Along the way, the Charbins ditched their Manhattan apartment to live full-time in Nissequogue, where they often work from home. Moving has allowed for some very nonurban activities. This month, Ms. Charbin plans to learn how to ride a horse, courtesy of a stable around the corner.
“It’s a lot wilder here than you think it’s going to be,” she said. “And the landscape has a lot of romance.”
What You’ll Find
Part of the town of Smithtown, Nissequogue and Head of the Harbor cover seven square miles of land and another five square miles of water, creating a nautical feel. But thick stands of tulip and maple trees blanket the terrain, so many houses are nestled in the woods.
With 3,037 residents between them, according to census records, Nissequogue, founded in 1926, and Head of the Harbor, in 1928, are basically mirror images. Both have mostly two-acre zoning, resulting in generous buffers between homes and a rural look. Both also tightly regulate fence heights and tree pruning, and for-sale signs with logos are forbidden. Single-family houses are the rule; there are no multifamily dwellings or businesses.
Many houses belong to small homeowner associations, which maintain the stairs that descend bluffs to beaches, and take care of plowing.
The Gilded Age can seem alive and well here. Majestic 19th-century houses with fireplaces big enough to stand in try to hide modestly behind hedges. Relatives of their 1800s builders occasionally live inside. But what’s left of some once-grand estates are only mysterious stone walls. Scattered throughout the villages are 1960s colonials, 1980s contemporaries and a split-level ranch or two.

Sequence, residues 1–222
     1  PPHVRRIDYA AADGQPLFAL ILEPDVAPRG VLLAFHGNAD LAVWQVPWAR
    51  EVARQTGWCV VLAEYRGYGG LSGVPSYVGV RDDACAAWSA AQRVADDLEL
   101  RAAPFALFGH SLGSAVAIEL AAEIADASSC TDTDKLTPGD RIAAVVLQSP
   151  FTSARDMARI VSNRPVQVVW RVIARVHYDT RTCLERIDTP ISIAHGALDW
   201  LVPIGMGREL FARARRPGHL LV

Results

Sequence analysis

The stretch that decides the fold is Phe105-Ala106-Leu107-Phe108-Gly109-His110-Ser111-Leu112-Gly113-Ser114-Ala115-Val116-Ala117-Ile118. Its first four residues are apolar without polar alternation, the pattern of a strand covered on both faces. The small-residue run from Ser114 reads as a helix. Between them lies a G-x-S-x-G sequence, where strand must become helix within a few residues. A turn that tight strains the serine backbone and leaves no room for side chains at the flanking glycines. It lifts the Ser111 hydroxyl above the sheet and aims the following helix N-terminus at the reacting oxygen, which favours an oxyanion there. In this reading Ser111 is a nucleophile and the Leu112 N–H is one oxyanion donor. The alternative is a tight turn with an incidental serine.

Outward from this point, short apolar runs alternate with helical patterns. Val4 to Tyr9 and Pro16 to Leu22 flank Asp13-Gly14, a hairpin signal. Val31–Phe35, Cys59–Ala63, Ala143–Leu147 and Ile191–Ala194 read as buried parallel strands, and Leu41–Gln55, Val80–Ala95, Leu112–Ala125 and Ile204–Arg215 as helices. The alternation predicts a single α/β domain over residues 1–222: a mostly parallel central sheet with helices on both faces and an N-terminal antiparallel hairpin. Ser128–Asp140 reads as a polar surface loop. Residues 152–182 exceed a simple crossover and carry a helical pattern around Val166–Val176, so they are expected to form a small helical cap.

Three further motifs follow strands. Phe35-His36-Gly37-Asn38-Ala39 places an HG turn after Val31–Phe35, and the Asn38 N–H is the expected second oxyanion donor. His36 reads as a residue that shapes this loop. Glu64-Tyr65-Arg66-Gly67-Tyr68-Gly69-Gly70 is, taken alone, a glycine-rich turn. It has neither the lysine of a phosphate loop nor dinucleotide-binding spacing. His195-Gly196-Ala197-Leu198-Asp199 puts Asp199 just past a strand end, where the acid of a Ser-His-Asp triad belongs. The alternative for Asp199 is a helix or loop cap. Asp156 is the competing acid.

What You’ll Pay
In mid-September, a total of 31 houses were for sale, with an average list price of $1.7 million, according to information from Douglas Elliman. The least expensive was a four-bedroom 1960s house on about two acres in a homeowner association in Nissequogue, for $699,000. The most expensive, also in Nissequogue, was a six-bedroom 2011 Mediterranean-style house with a guest cottage, on four and a half acres, for about $7 million.
Sales are up, but prices have dipped. Since January, there have been 26 sales, for an average of $1.13 million, according to Douglas Elliman. During the same period in 2019, there were 20 sales, for an average of $1.27 million, a decline of about 11 percent.
“What’s the scene? Napping, beach walks and cooking,” said Mickey Conlon, 44, a New York-based real estate broker who bought a Long Island Sound-facing weekend home in 2012, with his business partner and husband, Tom Postilio, 50.
The house — a Mediterranean-style place on more than two acres, with steps to a quiet, pebbly beach below — cost $870,000. But it had structural problems, Mr. Conlon said, so the couple razed it and built a similar one, with five bedrooms and eight bathrooms (three of them half bathrooms).